In an attempt to explain the inexplicable death of Internet activist Aaron Swartz, some of the country's best journalists, most outspoken activists, and his closest friends have devoted thousands upon thousands of emotional words with few answers to why a young man took his own life nearly two months ago. The latest comes from The New Yorker's Larissa MacFarquhar, who today offers up over 10,000 words on Swartz's suicide, after 7,000-plus words over the weekend here at The Atlantic from his old girlfriend, Quinn Norton. And those are just the most recent additions to lengthy pieces from Slate, The New Republic, New York, The Verge, and Ars Technica. (Reuters's Felix Salmon collected the Swartz "long-reads" word counts on Twitter today; for those interested, Slate tops out at over 15,000 words.) Of course, Swartz was a co-founder of Reddit who later went on to champion access to information — he was a man of the Internet people, and so makes for a heartbreaking Internet story. But when it comes to suicide without a note, to a life lost too soon, the answer to the simplest question — Why? — often devolves into a race to the bottom.
From the beginning, Swartz's supporters, including his girlfriend and parents, have publicly blamed a U.S. federal case — and the legal team therein — for driving him to death at age 26. But the argument that the case weighed so heavily on Swartz still doesn't satisfy those closest to him, as The New Yorker's MacFarquhar explains: "This claim is for public consumption, and the people closest to him do not really believe it," she writes. "They believe that he would not have killed himself without the prosecutors, but they feel that there is something missing from this account—some further fact, a key, that will make sense of what he did."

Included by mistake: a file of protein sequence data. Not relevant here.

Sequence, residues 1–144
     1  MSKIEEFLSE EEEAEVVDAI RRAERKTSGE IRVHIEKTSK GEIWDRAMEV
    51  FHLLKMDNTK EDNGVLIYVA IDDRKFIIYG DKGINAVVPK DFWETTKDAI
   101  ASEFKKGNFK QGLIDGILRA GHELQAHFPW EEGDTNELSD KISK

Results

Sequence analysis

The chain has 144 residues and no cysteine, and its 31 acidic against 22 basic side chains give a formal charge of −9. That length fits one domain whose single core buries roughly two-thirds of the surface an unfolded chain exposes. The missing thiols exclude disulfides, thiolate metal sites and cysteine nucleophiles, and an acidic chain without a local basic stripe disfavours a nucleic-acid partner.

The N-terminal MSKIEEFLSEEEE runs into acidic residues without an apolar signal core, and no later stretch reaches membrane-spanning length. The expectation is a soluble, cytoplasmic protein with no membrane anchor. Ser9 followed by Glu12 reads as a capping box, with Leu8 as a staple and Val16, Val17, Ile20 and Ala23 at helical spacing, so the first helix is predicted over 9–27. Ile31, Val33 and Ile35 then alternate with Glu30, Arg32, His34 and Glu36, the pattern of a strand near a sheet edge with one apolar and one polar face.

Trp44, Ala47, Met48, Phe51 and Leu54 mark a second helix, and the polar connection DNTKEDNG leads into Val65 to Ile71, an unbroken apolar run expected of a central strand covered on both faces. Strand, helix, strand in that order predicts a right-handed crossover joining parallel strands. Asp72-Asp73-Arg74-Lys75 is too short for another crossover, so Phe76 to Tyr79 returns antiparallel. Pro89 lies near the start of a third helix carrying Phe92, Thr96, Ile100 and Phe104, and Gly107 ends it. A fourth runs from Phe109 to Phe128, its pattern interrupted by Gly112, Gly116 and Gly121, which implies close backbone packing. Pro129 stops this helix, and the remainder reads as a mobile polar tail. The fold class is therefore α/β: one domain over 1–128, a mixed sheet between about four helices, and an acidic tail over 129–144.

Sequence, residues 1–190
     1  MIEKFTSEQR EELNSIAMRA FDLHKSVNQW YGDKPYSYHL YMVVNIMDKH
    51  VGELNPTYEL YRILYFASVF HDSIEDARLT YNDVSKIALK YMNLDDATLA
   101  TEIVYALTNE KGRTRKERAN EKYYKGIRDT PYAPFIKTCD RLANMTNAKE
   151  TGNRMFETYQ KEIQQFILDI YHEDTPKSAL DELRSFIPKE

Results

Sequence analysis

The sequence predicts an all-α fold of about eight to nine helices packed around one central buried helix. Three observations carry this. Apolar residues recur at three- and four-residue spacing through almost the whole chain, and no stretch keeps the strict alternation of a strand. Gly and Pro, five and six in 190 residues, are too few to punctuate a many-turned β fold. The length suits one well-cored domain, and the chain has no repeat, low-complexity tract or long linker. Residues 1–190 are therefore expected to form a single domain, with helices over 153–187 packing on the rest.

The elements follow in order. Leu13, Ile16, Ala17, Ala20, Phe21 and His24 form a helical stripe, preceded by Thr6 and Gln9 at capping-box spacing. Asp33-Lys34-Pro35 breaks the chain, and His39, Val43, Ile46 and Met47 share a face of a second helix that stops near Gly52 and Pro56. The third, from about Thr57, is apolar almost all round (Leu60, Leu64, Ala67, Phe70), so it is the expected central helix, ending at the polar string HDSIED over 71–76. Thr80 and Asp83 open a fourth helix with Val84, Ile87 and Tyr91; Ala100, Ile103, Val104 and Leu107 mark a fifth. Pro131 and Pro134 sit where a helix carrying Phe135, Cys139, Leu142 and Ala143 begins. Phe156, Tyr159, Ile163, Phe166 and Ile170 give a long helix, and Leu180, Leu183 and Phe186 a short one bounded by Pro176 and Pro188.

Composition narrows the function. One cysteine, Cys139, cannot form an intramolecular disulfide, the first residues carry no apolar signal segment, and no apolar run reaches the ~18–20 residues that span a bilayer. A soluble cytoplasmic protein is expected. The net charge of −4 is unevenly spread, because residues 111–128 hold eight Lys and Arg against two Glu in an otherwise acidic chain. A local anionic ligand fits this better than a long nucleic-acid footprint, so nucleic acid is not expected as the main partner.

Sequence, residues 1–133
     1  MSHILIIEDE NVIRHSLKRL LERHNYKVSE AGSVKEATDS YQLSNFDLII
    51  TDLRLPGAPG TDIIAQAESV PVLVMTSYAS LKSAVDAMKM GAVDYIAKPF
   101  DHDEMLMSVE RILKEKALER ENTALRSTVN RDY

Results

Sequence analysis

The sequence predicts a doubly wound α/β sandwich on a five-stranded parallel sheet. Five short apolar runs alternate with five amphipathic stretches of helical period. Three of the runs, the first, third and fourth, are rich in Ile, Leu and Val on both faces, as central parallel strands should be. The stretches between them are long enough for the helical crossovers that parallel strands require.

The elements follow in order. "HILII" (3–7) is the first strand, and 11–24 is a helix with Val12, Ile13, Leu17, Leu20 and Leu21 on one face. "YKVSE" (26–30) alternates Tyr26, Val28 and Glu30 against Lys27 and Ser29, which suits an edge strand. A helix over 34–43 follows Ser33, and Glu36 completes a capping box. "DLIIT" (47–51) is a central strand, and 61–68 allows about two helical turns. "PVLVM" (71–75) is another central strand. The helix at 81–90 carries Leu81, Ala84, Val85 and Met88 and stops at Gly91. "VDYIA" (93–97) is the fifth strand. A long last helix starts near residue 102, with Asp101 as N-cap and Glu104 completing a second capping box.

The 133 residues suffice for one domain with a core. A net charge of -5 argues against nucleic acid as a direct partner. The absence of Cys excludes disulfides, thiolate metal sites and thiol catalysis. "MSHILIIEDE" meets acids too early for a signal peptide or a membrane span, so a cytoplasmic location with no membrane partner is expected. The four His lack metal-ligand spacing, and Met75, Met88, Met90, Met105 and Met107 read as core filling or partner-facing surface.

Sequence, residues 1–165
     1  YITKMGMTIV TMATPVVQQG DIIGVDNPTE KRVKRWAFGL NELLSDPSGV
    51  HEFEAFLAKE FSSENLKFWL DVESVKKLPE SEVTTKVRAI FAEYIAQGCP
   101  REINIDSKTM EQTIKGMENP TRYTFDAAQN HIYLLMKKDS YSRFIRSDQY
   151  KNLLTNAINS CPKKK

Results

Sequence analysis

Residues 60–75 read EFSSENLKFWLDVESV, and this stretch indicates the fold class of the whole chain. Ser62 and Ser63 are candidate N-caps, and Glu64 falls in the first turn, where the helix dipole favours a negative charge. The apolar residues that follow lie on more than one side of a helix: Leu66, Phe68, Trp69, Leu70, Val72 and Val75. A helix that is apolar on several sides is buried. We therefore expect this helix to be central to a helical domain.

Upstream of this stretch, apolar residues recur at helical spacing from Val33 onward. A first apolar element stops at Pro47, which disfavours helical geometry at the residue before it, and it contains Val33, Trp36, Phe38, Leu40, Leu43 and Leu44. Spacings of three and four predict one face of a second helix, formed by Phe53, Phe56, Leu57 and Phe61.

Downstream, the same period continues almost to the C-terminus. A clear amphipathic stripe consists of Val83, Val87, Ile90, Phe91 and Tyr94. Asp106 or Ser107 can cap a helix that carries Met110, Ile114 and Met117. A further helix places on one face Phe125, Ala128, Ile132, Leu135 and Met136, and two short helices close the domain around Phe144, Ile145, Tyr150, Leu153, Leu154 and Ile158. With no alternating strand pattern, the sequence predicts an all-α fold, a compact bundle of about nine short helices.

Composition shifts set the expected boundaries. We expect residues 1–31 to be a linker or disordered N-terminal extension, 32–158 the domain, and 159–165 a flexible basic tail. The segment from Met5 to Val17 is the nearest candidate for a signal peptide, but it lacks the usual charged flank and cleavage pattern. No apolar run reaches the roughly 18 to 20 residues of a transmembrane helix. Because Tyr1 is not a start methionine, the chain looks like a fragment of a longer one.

That key is the key to our collective obsession with Aaron Swartz's death. But can it ever be found? MacFarquhar collects testimonials from all sorts people related to Swartz — his friends, his parents, his attorney, Norton (the former girlfriend), Taren Stinebrickner-Kauffman (the more recent girlfriend, who's looked for answers beyond depression and the case herself). The New Yorker story also pieces together blog posts and unpublished writings in search of more clues.
The assemblage reads like an annotated biography of Swartz's life and death, with tales from his upbringing in Highland Park through his short time at Stanford — before he dropped out — to his suicidal reaction to getting fired from Reddit after Condé Nast bought it. Eventually we get insight into Swartz's activist spirit, before turning to the case and his fatal end. Every bit of information serves to inform the final act. He had ulcerative colitis, which happened to flare up at the same time as other moments of depression, for example. He didn't like vegetables and couldn't stand the "silly" people at Stanford. He was concerned with "human welfare" more than hacking.
With all this context behind us, MacFarquhar's story then grasps for the key, looking for a final motive by talking with the very people who will never fully grasp it — which is to say, everyone else besides Aaron Swartz. From Norton, for example:
“He wanted to make the world better from inside the system, and they don’t let felons work in the White House,” Quinn Norton says. “He said those exact words to me. My dad didn’t last very long with his felony conviction. It’s like being a fucking leper, and for somebody who wanted to move in the circles of American political power it was the end of all those dreams. I knew it was a really dangerous period, I knew this was all going through his head."
And then, there's a theory from Swartz's dad, Robert:
There was what happened with Quinn, which I think had to be very devastating to him. Quinn got her own attorney, who told her to coöperate with the prosecutor. There are interviews which I’ve now read with the Secret Service where they say she coöperated fully with them; she signed a proffer saying that she would tell them everything she knew in return for immunity.
And another from mentor Lawrence Lessig (pictured above at right with a young Swartz):
I think it was just recognizing he was going to need other people, and that was too hard for him to accept. He couldn’t become dependent. To end it was the only way
Add these theories to the thousands-of-words-long portrayals over the past seven and a half weeks, and they amount to just that: theories, piling up, compounding into nothing beyond more confusion and sadness. Even with all the context in the world, we will never know what went through Swartz's head that fateful night. And yet we seek more — more details, more information, more anecdotes. Go ahead and read all 20,000 fresh words to surface on the Internet in the past 24 hours about Aaron Swartz. If you're interested in him as a person, as a defendant, as an activist, as a boyfriend, or as a son, they bring fresh detail. Looking for answers? All the words on the Internet can't give you that.
This article is from the archive of our partner The Wire.